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Paul Klee

Paul Klee

Paul Klee

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Paul Klee’s was a Swiss born painter, with a unique style that was influenced by expressionism, cubism, surrealism, and orientalism. His written collections of lectures, Writings on Form and Design Theory are considered as important to modern art as Leonardo da Vinci’s written works were to the Renaissance. As a child, Klee was mainly oriented as a musician, having played the violin since he was eight, but in his teen years, he found that art allowed him freedom to explore his style and express his radical ideas. Although Klee is now considered a master of color theory, he spent a long time in his search for his sense of color. At first, Klee drew in black and white, saying he would never be a painter. But as an adult, after a visit to Tunisia, in which he was impressed by the quality of light, he had found his sense of color and began experimenting with his newfound decision to be a painter.

Klee spent much of his adult life teaching at various universities and art schools, including the German Bauhaus School of Art and Düsseldorf Academy. During his tenure at Düsseldorf, he was singled out as a Jew by the Nazi party. The Gestapo searched his home and he was fired from his job. Some of his later works were also seized by the Nazis.

Although the artist was born in Switzerland, he was not born a Swiss citizen. His father was a German national, and citizenship being decided on paternity, Klee was born a German citizen. His request for Swiss citizenship was not granted until six days after his untimely death from undiagnosed scleroderma. Klee’s legacy includes over 9,000 works of art, which have inspired many other painting and musical compositions. In 1938 he was immortalized by Steinway Pianos in their “Paul Klee Series” pianos.

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Paul Klee (German: [paʊ̯l ˈkleː]; 18 December 1879 – 29 June 1940) was a Swiss German artist. His highly individual style was influenced by movements in art that included Expressionism, Cubism, and Surrealism. Klee was a natural draftsman who experimented with and eventually deeply explored color theory, writing about it extensively; his lectures Writings on Form and Design Theory (Schriften zur Form und Gestaltungslehre), published in English as the Paul Klee Notebooks, are held to be as important for modern art as Leonardo da Vinci's A Treatise on Painting for the Renaissance. He and his colleague, Russian painter Wassily Kandinsky, both taught at the Bauhaus school of art, design and architecture. His works reflect his dry humor and his sometimes childlike perspective, his personal moods and beliefs, and his musicality.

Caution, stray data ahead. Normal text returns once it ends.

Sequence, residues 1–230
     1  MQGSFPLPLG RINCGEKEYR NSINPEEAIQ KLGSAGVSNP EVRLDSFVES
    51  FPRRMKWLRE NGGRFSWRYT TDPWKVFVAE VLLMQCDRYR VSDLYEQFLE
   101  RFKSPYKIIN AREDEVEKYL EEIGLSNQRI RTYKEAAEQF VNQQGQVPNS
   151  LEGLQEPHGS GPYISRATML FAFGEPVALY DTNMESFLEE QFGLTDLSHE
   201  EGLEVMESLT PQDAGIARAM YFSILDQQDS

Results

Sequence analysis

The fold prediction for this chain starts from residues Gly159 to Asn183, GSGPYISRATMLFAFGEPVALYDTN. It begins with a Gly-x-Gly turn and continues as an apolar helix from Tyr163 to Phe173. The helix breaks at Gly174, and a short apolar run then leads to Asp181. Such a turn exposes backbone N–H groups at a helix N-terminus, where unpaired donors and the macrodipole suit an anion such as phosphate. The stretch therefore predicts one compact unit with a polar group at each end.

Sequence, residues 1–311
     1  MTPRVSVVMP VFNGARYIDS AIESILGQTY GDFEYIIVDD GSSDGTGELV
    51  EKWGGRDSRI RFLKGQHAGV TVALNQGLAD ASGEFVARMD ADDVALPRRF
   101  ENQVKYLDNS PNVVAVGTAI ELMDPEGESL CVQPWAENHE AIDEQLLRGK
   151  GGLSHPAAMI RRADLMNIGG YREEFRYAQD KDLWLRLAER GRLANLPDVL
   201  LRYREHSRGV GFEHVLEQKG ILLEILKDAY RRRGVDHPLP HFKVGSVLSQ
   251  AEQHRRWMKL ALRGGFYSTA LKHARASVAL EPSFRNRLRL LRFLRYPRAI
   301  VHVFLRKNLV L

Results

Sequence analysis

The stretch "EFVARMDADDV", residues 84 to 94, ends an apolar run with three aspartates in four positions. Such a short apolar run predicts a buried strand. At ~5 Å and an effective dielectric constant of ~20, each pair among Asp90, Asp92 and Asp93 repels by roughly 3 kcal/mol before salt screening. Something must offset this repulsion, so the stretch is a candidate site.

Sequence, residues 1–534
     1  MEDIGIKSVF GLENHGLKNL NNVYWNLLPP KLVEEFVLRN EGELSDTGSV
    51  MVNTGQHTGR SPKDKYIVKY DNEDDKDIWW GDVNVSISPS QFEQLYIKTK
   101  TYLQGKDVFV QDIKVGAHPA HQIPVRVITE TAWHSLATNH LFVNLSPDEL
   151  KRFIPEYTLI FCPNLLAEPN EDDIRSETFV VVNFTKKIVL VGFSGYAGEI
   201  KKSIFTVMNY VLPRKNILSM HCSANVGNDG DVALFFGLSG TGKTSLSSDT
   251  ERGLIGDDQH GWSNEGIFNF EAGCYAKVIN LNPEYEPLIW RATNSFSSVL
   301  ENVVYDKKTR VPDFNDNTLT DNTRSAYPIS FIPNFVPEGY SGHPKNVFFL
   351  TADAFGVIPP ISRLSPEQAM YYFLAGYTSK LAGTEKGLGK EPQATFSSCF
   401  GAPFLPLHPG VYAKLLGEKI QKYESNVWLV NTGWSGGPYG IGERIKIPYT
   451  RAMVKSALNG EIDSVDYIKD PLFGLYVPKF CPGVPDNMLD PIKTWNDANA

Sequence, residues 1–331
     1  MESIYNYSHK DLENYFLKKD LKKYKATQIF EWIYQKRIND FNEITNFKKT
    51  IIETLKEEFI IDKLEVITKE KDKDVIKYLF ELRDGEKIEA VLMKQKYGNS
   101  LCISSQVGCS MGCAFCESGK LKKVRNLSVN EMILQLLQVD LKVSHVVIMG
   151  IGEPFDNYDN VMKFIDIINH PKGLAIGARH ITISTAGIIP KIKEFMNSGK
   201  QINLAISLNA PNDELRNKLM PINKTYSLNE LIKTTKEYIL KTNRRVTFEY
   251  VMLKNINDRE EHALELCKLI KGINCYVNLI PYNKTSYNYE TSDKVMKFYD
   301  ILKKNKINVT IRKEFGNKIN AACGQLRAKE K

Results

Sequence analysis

Paul Klee was born in Münchenbuchsee, Switzerland, as the second child of German music teacher Hans Wilhelm Klee (1849–1940) and Swiss singer Ida Marie Klee, née Frick (1855–1921). His sister Mathilde (died 6 December 1953) was born on 28 January 1876 in Walzenhausen. Their father came from Tann and studied at the Stuttgart Conservatory singing, piano, organ and violin, meeting there his future wife Ida Frick. Hans Wilhelm Klee was active as a music teacher at the Bern State Seminary in Hofwil near Bern until 1931. Klee was able to develop his music skills as his parents encouraged and inspired him until his death. In 1880, his family moved to Bern, where they eventually, in 1897, after a number of changes of residence, moved into their own house in the Kirchenfeld district (de). From 1886 to 1890, Klee visited primary school and received, at the age of 7, violin classes at the Municipal Music School. He was so talented on violin that, aged 11, he received an invitation to play as an extraordinary member of the Bern Music Association.

In his early years, following his parents’ wishes, Klee focused on becoming a musician; but he decided on the visual arts during his teen years, partly out of rebellion and partly because of a belief that modern music lacked meaning for him. He stated, "I didn't find the idea of going in for music creatively particularly attractive in view of the decline in the history of musical achievement." As a musician, he played and felt emotionally bound to traditional works of the eighteenth and nineteenth century, but as an artist he craved the freedom to explore radical ideas and styles. At sixteen, Klee’s landscape drawings already show considerable skill.

Around 1897, Klee started his diary, which he kept until 1918, and which has provided scholars with valuable insight into his life and thinking. During his school years, he avidly drew in his school books, in particular drawing caricatures, and already demonstrating skill with line and volume. He barely passed his final exams at the "Gymnasium" of Bern, where he qualified in the Humanities. With his characteristic dry wit, he wrote, "After all, it’s rather difficult to achieve the exact minimum, and it involves risks." On his own time, in addition to his deep interests in music and art, Klee was a great reader of literature, and later a writer on art theory and aesthetics.

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